Requests come in daily. They are from loved ones wanting a rubbing from the Wall. A rubbing of the engraving they have requested be mailed to them. Loved ones who are unable to make the trip to the capitol. Loved ones who will not see their own eyes staring back from the glassy black wall. Loved ones who will not to consume all the other names, those brief strings of letters that signify the brief years all those sons and brothers and father and uncles and husbands and nephews and cousins and grandsons and men and boys.
She pulls a new card from the stack of names and walks to where it is on the wall. It is as if she is drawn there by instinct. Decades of doing her duty beneath the Wall have learned her a great many names. When she began in the position she saw the marks on the Wall as one big name, one mass engraving of the missing and the fallen. Clarity and acceptance have sharpened her focus on what is signified there. The years have taught her she is the Wall’s most frequent visitor. Observance has shown she belongs to a community of mourners unfettered by generational division who find the comfort in the sorrow enclosed in the borders of the Wall.
Most days she finds sovereignty in the task of finding the names and transferring their letters from wall to paper. Today is tasking. It is only the fourth name of the shift, but she can already feel an infernal cry from the granite as she presses the paper against it and rubs lightly with the edge of the charcoal. The pain from the empty space bordering the letters has shown itself earlier than it does on a typical day. As she pushes away from it, the Wall burns hot unforgiving as an iron clumsily pressing over her wrinkled heart.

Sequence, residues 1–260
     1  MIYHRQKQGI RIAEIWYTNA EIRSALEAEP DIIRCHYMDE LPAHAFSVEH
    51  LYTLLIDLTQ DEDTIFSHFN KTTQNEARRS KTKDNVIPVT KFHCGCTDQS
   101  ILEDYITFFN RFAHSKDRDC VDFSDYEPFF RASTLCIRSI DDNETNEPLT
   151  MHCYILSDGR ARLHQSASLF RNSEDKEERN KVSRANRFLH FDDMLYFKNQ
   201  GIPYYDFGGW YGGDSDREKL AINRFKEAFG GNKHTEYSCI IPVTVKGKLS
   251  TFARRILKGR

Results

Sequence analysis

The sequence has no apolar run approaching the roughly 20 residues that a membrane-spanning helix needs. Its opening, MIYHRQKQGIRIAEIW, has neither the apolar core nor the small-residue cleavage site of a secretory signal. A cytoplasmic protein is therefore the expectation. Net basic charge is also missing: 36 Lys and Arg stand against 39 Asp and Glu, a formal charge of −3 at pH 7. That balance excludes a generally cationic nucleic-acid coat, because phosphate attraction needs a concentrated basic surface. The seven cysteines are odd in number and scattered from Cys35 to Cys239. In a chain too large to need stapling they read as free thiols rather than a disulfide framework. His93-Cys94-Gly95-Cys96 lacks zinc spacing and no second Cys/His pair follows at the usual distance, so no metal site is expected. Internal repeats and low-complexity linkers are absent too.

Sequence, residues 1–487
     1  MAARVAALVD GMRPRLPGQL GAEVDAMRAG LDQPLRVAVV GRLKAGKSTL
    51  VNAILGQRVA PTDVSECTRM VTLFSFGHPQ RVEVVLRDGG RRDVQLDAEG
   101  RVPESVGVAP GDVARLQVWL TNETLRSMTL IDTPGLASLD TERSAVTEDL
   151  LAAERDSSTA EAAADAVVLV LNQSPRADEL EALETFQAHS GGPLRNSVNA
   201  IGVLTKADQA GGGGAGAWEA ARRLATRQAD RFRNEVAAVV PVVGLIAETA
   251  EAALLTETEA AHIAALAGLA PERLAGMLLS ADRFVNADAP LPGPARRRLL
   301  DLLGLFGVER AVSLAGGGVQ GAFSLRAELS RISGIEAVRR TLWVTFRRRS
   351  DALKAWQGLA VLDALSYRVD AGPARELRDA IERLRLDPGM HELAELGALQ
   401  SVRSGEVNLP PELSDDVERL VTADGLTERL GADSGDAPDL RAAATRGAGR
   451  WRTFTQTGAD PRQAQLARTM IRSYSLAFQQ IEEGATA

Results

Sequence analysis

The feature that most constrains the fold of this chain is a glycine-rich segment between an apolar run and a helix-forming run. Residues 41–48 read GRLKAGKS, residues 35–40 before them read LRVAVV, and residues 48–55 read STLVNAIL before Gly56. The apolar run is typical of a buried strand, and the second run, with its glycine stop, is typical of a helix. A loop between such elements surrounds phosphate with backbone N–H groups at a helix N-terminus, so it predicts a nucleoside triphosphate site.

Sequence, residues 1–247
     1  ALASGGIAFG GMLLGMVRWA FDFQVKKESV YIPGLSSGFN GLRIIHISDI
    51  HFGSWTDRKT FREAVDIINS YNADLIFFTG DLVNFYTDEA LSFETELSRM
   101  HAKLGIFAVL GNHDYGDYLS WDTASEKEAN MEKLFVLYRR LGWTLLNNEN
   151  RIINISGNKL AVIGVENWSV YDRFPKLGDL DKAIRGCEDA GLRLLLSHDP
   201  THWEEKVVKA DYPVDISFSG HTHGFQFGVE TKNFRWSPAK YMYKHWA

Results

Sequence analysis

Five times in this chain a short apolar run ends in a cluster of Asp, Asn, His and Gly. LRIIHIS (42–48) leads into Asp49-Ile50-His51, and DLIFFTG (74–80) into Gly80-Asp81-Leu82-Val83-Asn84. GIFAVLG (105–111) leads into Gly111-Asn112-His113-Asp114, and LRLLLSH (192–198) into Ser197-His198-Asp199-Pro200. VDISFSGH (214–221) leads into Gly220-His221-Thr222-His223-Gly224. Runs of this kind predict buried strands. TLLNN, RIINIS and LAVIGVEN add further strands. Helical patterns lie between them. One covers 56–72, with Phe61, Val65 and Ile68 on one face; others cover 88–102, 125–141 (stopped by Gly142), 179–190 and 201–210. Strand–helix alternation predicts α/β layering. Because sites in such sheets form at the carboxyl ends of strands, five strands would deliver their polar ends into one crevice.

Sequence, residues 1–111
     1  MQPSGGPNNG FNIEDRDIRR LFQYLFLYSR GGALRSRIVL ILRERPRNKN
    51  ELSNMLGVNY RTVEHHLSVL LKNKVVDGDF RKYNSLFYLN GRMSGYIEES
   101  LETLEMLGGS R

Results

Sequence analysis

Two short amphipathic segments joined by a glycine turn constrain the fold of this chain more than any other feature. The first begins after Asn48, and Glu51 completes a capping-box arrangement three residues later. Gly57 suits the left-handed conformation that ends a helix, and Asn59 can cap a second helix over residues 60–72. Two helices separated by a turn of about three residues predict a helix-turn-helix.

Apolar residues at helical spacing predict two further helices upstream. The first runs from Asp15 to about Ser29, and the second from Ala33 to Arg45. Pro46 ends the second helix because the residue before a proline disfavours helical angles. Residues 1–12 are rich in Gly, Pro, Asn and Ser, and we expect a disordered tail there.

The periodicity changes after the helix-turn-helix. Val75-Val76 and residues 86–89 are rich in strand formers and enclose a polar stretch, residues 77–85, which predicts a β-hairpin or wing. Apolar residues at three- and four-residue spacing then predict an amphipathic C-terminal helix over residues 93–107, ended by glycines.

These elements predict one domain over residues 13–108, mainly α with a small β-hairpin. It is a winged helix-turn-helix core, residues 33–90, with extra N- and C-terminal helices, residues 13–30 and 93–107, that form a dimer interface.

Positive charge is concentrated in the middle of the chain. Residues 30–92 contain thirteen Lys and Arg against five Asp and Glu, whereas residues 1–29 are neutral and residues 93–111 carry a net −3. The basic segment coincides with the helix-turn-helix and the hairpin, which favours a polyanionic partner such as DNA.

On a typical day she is able to stave off the pain of thinking what he might look like if he were still alive, if she had been able to carry him until January so he might not have drawn such a low number. If she had been more accepting of his love of country and the pride he took in his service. She wished she’d written him more than once those months he was there. Since word reached her of his death, hundreds of letters, she’d composed upon the canvass of her heart, bore his name in the salutation. They went unwritten and unread. No tender hand came along to rub over her heart to expose meaning from her mourning.
She could not justify self-pity for long. There had to be days like today, she told herself. She was here to be close to him and his fallen brothers. Catharsis lay in knowing her hands’ purpose in allowing those families to know their boys are immortalized.
As she pulls the next request her breath turns solid in her lungs. She recognizes the name on the card as the name engraved just next to her son’s. With little hesitation she walks to the familiar place on the Wall, flattens the paper against the intended name, and rubs with gentle care. The Wall sees a great deal, but it reveals even more. In this moment, the glassy surface of the black granite glistens as it catches the light from a mother’s tear glide down a wrinkled cheek.
This scene was inspired by a visit to The Vietnam Veterans Memorial, where the names of over 58,000 servicemen and women are engraved on a massive reflective black granite wall. Everyday, Vietnam Veteran Memorial Fund volunteers capture rubbings of names requested by those who are not able to travel to Washington, D.C. The service is free of charge. For more information, please visit http://www.vvmf.org.